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This book examines why laws fail and provides strategies for making laws that work.
Why do some laws fail? And how can we make laws that actually work? This helpful guide, written by a leading jurist, provides answers to these questions and gives practical strategies for law-making. It looks at a range of laws which have failed; the 'damp squibs' that achieve little or nothing in practice; laws that overshoot their policy goals; laws that produce nasty surprises; and laws that backfire, undermining the very goals they were intended to advance.
It goes on to examine some of the reasons why such failures occur, drawing on insights from psychology and economics, including the work of Kahneman and others on how humans develop narratives about the ways in which the world works and make predictions about the future. It provides strategies to reduce the risk of failure of legislative projects, including adopting a more structured and systematic approach to analysing the likely effects of the legislation; ensuring we identify the limits of our knowledge and the uncertainties of our predictions; and framing laws in a way that enables us to adjust the way they operate as new information becomes available or circumstances change.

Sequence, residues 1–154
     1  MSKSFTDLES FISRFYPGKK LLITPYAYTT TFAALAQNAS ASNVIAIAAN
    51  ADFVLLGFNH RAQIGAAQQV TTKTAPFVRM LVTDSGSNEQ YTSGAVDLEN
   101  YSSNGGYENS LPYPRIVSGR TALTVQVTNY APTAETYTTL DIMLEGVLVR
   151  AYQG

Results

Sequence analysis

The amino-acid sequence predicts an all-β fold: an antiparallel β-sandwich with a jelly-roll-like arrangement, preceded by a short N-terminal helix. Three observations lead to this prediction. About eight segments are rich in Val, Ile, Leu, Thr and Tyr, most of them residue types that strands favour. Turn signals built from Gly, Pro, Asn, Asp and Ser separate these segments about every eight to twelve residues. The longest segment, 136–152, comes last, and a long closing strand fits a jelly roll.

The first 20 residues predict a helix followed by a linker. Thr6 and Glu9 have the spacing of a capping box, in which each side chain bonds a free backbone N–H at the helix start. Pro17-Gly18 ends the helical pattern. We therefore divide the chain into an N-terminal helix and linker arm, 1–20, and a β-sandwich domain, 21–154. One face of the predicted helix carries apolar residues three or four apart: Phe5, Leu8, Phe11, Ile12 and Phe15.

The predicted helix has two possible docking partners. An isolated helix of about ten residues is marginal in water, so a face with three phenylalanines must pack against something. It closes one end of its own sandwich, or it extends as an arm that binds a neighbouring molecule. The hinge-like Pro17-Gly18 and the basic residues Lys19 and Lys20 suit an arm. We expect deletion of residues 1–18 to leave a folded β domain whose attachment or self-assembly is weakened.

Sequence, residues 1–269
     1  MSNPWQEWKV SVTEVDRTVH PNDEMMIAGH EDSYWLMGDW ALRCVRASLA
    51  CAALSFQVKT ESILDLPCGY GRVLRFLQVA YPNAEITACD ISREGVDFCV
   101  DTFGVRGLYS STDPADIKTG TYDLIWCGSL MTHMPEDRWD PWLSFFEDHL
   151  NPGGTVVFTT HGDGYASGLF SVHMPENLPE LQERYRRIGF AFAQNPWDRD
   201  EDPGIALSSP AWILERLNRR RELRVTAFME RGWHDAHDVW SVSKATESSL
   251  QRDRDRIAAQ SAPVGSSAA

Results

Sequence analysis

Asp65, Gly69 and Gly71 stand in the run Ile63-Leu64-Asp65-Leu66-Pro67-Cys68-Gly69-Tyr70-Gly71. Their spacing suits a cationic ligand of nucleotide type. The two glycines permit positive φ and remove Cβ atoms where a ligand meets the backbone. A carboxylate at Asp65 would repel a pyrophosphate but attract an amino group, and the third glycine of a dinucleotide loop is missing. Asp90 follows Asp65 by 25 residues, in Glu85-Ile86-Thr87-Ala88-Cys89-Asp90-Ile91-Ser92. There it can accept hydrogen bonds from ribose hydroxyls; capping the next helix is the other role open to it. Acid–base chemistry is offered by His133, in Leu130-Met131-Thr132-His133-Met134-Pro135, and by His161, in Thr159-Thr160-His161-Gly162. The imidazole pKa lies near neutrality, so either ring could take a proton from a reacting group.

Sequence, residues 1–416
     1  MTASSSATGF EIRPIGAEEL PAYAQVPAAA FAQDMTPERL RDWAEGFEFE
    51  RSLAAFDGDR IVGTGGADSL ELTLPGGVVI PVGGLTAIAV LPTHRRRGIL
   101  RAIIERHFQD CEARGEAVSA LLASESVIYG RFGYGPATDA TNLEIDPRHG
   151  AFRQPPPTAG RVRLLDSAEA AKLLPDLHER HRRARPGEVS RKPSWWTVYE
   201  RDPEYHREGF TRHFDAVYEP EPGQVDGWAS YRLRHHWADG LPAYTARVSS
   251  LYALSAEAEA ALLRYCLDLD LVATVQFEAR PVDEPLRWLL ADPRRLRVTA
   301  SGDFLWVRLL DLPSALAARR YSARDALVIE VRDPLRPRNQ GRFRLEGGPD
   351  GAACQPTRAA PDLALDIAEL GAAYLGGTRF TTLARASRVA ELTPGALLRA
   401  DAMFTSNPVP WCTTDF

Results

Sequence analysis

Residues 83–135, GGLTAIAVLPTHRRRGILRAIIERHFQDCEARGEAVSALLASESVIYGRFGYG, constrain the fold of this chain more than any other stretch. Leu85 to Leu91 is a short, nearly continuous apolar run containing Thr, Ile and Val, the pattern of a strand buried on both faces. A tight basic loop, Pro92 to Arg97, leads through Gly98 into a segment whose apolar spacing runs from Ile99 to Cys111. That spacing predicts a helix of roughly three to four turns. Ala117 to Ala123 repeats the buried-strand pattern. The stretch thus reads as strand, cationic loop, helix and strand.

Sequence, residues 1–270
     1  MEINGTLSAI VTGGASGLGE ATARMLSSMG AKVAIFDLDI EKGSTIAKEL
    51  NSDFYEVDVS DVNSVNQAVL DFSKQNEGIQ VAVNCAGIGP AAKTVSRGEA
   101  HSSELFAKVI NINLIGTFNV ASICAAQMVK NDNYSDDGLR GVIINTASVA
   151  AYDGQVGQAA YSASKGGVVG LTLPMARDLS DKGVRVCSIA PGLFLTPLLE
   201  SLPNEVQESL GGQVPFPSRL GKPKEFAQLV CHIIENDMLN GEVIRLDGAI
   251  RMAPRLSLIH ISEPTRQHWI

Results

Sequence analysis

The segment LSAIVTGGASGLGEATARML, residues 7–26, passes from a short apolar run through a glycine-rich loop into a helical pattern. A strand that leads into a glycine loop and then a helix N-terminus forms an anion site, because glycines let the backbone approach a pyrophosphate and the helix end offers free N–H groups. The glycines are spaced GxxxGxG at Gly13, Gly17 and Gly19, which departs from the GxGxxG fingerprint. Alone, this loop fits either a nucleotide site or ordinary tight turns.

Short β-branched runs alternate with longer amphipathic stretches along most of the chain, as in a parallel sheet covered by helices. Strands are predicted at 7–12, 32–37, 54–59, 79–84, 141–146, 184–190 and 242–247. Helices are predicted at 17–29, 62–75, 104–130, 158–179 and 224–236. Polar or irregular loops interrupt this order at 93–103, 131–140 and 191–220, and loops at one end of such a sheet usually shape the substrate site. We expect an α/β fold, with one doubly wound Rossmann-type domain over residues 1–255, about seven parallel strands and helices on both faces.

Key themes include the importance of the institutions that administer the legislation, of default outcomes, and of the 'stickiness' of those defaults.
The book concludes with helpful checklists of questions to ask and issues to consider, which will be of benefit to anyone involved in designing legislation.